“… it’s a place I call home, although I blend in only as a familiar stranger.”
Evaporating Borders, written and directed by Iva Radivojevic, is a five-act exploration of asylum-seekers in Cyprus.
Beginning with a personal, essayistic voiceover and lush compositions, the film’s first act also uses subtly executed re-enactments of events in order to establish a first-person connection with the viewer. This not only creates a sense of intimacy through the film’s introductory segment, but also amplifies the increasing depersonalization and dehumanization portrayed throughout the remainder of the film.
The documentary moves from the first segment’s depictions of the struggle to arrive in Cyprus through a sense of being trapped between a place in which it is impossible to advance and one where it is impossible to return to, then continues on to an exploration of xenophobia and racism, making increasing use of traditional interviews and news-style footage as it progresses.
The fourth segment, billed as an exploration of identity, is the exception to the other parts. Replete with lovely close-ups of small details – a rosary, a foot tapping in time to music, a dog’s hind legs splayed out on the floor, the frets of a guitar – this chapter is notable for its emphasis on those who do want to return to where they came from, but are being held against their will in the very place so many others are fighting to remain.
Described elsewhere as a visual essay, Evaporating Borders is not a true essay film in the purest sense of the term. By giving its subjects a voice, rather than allowing the narrator to speak exclusively, the film breaks with pure essay form, but these sequences also serve as more readily accepted evidence of systemic, structural discrimination faced by migrants in Cyprus than the first-person claims of an unseen narrator would offer. In this sense, the break with essay form is more valuable than strict adherence would be.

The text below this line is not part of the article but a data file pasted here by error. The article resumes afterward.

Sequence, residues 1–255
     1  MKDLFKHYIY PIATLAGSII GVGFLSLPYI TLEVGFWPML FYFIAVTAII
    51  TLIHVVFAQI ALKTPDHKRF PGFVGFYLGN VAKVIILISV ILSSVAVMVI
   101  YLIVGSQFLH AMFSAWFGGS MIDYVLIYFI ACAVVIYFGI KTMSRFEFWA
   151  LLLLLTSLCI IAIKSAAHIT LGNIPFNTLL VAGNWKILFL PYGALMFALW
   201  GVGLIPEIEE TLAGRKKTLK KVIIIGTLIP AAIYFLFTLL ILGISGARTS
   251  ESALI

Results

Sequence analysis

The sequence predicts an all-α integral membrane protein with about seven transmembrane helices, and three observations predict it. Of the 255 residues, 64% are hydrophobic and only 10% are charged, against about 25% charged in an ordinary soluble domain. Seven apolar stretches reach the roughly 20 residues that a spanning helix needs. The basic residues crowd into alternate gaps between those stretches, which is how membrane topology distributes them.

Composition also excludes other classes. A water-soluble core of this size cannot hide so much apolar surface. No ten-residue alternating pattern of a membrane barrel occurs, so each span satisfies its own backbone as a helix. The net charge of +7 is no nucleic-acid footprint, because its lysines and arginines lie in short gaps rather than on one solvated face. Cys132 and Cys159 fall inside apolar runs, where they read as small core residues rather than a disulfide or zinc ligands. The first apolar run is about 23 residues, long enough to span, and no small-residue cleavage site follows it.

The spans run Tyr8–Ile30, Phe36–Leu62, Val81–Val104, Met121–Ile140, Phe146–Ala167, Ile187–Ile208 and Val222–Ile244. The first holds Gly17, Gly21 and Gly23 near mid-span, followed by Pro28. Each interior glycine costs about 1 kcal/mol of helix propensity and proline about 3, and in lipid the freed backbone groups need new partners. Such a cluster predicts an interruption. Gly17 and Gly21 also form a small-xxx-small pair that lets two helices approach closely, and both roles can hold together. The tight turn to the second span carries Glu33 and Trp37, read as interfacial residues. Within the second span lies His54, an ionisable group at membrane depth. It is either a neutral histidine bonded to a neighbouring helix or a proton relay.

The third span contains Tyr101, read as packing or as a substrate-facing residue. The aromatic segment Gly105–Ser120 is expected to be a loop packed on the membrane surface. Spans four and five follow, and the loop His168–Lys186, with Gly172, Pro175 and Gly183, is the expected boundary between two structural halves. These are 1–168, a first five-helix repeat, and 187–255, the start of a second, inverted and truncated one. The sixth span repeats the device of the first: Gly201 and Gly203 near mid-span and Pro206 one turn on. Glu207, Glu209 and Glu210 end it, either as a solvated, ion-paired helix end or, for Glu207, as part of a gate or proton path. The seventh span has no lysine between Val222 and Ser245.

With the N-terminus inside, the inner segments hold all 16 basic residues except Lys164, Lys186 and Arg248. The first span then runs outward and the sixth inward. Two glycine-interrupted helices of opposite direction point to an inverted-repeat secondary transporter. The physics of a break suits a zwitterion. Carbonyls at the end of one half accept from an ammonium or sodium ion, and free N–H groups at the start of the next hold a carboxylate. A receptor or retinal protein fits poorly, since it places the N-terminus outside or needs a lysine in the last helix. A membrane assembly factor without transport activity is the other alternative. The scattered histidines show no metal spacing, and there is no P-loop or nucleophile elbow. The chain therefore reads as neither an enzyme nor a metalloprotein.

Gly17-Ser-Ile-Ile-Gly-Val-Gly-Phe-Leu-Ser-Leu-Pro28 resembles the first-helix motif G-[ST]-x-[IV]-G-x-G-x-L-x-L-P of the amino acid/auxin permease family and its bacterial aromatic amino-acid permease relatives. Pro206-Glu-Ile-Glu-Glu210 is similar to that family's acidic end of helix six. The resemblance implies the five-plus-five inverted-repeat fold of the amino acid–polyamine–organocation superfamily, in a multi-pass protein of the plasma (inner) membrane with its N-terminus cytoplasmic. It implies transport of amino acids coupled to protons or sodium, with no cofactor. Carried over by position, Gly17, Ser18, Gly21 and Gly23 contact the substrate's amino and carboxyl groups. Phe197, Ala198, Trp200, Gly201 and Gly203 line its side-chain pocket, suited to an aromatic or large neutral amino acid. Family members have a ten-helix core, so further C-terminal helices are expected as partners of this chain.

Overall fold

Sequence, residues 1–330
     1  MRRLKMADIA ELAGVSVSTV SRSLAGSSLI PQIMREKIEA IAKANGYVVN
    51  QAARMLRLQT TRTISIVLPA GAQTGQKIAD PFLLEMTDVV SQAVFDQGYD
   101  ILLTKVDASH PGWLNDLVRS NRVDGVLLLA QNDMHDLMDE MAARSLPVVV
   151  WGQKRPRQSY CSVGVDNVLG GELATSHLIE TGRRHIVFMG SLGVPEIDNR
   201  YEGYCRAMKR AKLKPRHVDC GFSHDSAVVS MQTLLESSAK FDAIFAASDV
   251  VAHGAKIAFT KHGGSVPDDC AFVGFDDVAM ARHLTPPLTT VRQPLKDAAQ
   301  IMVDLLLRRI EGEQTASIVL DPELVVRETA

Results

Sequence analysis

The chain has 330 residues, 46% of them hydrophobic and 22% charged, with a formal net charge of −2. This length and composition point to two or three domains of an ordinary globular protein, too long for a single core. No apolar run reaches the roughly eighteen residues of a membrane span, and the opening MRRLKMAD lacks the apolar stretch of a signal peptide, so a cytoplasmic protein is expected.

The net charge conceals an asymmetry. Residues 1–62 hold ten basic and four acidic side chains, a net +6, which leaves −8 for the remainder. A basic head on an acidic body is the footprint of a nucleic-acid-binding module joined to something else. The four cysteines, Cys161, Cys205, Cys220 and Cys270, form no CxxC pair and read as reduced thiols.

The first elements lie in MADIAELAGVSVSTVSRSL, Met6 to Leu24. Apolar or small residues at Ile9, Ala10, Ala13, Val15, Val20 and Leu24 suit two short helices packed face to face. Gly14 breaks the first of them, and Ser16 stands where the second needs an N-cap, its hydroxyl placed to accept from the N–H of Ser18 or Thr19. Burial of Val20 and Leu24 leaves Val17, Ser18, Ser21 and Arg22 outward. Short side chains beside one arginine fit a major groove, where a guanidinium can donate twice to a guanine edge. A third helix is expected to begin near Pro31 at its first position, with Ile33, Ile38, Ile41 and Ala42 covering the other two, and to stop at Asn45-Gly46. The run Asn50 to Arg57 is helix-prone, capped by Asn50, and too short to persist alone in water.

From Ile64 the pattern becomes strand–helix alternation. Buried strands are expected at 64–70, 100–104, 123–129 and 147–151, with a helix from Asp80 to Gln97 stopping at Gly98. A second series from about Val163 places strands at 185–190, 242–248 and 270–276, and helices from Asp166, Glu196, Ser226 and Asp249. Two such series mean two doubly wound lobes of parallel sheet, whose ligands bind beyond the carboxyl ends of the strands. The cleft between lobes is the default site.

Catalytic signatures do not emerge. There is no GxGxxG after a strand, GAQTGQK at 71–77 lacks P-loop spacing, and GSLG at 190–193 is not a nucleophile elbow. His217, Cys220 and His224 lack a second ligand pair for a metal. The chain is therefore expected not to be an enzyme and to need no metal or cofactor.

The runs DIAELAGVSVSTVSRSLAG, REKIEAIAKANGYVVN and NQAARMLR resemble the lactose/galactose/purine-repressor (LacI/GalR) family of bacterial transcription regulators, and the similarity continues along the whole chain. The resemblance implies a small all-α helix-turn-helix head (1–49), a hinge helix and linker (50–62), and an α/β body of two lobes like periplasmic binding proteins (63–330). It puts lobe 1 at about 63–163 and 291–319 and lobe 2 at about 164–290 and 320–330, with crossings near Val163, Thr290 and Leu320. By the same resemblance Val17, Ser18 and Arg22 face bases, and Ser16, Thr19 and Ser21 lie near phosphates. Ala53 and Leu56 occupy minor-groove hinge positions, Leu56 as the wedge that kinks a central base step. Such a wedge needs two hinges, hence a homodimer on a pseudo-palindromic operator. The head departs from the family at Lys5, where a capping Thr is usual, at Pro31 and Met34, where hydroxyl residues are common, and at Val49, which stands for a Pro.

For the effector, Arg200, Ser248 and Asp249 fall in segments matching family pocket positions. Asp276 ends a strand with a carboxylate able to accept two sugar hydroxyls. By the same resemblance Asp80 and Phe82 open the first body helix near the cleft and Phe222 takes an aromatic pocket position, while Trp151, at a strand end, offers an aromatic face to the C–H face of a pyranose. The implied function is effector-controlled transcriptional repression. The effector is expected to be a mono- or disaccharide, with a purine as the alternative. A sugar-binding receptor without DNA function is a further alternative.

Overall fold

On the whole, this film has more in common with Michael Glawogger’s Workingman’s Death in terms of its five-part structure plus a poetic coda, as well as the filmmaker’s uncanny ability to find the cinematic beauty in everyday surroundings, than with a “purer” essay film like Chris Marker’s Sans Soleil.
See it if: You are interested in transnationalism and/or a sense of being somewhere and nowhere at once; if you like exquisite compositions and hypnotic sound design; or, if like me, you are a giant nerd for the editing in Jim Jarmusch’s films (Jay Rabinowitz, the consulting editor here, also worked on many of Jarmusch’s works).
Kristi Kouchakji has a wickedly dark sense of humour, despite the above. Crack her up with wittily inappropriate memes and one-liners on Twitter at @badyogi.